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Old 03-08-2014, 11:26 AM   #21
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Join Date: Mar 2006
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Default Re: Number of remounts a cavalryman can manage on patrol

Originally Posted by safisher View Post
Yes, I know. Eight to ten horses might be a good limit without penalty.


They'll probably have a few horse holders riding with them, holding the strings for 2-3 riders.
One Raurin (Akhal-teke/Nisean-esque super horse) courser and four Semphari (small Arabian-esque breed, 700-900 lbs.) jennets or rouncies have been assigned to each of the one hundred horse archers who will have the job of serving as outriders, screen and feint furthest away from the main columns.

While the horses can be stationed somewhere, they probably don't have to leave more than ten of their number to watch the spare ones. During the ride, a full half of them will have to hold the reins of the spare horses while the rest of the outriders patrols and possibly skirmishes with chasing cavalry. No doubt they'll alternate the jobs.

Originally Posted by safisher View Post
Probably a month or two. Assuming they are well bred and experienced horses.
Awesome. Even the horses that were collected last will have had at minimum two to three months of cavalry training already (though some of that was during travel, so they might not have been able to do full-time training of formations all day) and the majority have been under the care of expert trainers for the cavalry all winter, I'd say that at minimum 75% of the horses already qualify as good cavalry horses and the rest are only weeks away from being fully trained (most of those being the youngest horses that were only half trained for riding when collected).

The PCs will be able to mount all of their available experienced cavalry on three good cavalry horses each, immediately upon arrival. Even if they picked up several hundred more recruits, they'd have trained horses for them.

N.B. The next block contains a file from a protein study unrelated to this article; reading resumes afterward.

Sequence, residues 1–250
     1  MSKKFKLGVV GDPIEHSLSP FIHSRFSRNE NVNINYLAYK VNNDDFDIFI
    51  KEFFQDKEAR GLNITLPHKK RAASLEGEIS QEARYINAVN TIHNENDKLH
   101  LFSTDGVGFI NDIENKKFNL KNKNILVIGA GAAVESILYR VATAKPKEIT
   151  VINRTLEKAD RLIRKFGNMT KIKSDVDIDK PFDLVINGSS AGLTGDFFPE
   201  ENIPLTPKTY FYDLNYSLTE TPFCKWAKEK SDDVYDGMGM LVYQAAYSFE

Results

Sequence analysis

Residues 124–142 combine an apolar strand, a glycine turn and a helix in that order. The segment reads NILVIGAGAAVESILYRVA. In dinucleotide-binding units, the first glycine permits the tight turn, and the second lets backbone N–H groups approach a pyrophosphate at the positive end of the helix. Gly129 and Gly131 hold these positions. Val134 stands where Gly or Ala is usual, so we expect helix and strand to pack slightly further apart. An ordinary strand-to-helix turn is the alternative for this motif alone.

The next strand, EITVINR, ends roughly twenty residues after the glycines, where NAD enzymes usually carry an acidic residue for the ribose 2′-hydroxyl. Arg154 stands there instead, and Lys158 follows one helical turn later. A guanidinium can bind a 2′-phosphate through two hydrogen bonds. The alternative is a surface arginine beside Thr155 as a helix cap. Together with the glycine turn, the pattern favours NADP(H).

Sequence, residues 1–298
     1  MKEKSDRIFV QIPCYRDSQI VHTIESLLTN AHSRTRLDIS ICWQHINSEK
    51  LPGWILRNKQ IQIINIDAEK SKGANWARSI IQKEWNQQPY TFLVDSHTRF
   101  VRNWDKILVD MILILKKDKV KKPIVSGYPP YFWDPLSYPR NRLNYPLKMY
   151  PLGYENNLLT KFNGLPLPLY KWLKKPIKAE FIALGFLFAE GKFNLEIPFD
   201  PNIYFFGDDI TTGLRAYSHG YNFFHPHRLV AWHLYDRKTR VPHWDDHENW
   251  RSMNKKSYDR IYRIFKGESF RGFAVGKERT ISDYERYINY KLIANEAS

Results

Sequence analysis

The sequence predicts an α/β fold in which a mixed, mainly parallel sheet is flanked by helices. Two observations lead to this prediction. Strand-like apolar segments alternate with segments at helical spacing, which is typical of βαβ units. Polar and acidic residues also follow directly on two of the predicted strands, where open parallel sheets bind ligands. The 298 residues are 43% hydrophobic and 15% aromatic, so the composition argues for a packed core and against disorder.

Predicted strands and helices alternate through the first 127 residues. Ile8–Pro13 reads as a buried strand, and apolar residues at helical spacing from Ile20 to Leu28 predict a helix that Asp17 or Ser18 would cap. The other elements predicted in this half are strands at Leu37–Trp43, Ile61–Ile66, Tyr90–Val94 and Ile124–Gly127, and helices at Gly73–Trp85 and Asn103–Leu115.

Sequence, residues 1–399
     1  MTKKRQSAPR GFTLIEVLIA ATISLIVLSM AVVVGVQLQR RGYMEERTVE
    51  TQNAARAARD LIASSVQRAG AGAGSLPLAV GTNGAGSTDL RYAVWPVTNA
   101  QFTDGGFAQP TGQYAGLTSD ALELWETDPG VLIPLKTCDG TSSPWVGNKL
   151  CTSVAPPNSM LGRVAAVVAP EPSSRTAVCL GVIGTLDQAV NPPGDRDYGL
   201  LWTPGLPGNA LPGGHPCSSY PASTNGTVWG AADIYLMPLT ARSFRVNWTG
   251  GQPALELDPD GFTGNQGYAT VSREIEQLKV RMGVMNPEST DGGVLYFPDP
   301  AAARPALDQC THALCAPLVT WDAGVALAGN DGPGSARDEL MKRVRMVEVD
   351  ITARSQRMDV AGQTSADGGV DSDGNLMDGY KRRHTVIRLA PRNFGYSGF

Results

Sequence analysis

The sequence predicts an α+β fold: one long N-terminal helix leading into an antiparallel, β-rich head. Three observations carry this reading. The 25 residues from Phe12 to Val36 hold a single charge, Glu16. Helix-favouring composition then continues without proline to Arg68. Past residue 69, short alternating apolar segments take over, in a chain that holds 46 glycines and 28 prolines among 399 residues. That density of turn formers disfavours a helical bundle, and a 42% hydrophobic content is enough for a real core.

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Old 03-17-2014, 09:17 AM   #22
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Join Date: Oct 2004
Default Re: Wrangling horses, driving herds, remudas

Some interesting tidbits on horse endurance in this article:

A "Berlin-to-Vienna endurance race" of 360 miles completed in 71 hours an 20 minutes. That's an average of 5 mph. A count won the race, but the horse died at the end. of some 230 entrants, 30 horses died. Which suggests they really pushed it.

The 1,000 mile race from Chadron to Chicago had the following rules: "Only western cow ponies could be used, and only two horses to a man, with ordinary 35-pound range saddles, the saddle and rider to weigh not less than 150 pounds." And At the end: "[The ride] covered the thousand miles (set later at 1,040) in 13 days and 16 hours, the last 130-plus in 24 hours and the last 80 miles in nine hours and a half. Humane society veterinarians examined [his horse] Poison and pronounced him in fine shape. "Western range horses," cried Buffalo Bill, "are the hardiest and best horses for cavalry use on the face of the earth!"
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Old 03-17-2014, 11:16 AM   #23
Join Date: Apr 2007
Default Re: Wrangling horses, driving herds, remudas

Originally Posted by Icelander View Post
And from my limited experience of horses and cows, horses are a lot more curious, mobile and prone to panic than the stodgy cows. Of course, longhorns may be considerably more active than our European cows, which are the very picture of docility.
I've either lived in close proximity or dealt with various farm animals most of my life. Horses do seem slightly more skittish than cows for the most part, but environment is a huge factor. Right now, we live next to a pasture that has Angus. They're fairly skittish (likely due to the coyotes/wolves/wild dogs in the area... surprisingly large number considering all the subdivisions around us, then again they primarily prey on unattended pets and seldom go after - much less take down - cattle) and extremely hard to wrangle if they don't know you... I've had to get a few off the street when they've escaped the fence and the owner was unavailable (as a side note, my brother has suffered brain damage from a motorcycle wreck and animals seem to sense something is wrong with him and they will almost outright panic if he tries to approach them).

I have no personal experience with Longhorns but my father does and he's told me stories about how ornery and aggressive they were (especially one bull that had almost everyone giving that particular pasture a wide berth - no shortcuts through that field unless you were a fast runner or a big man as he seemed to leave really large guys alone) even going so far as to say they're the Mustangs of cattle - wild and spirited.
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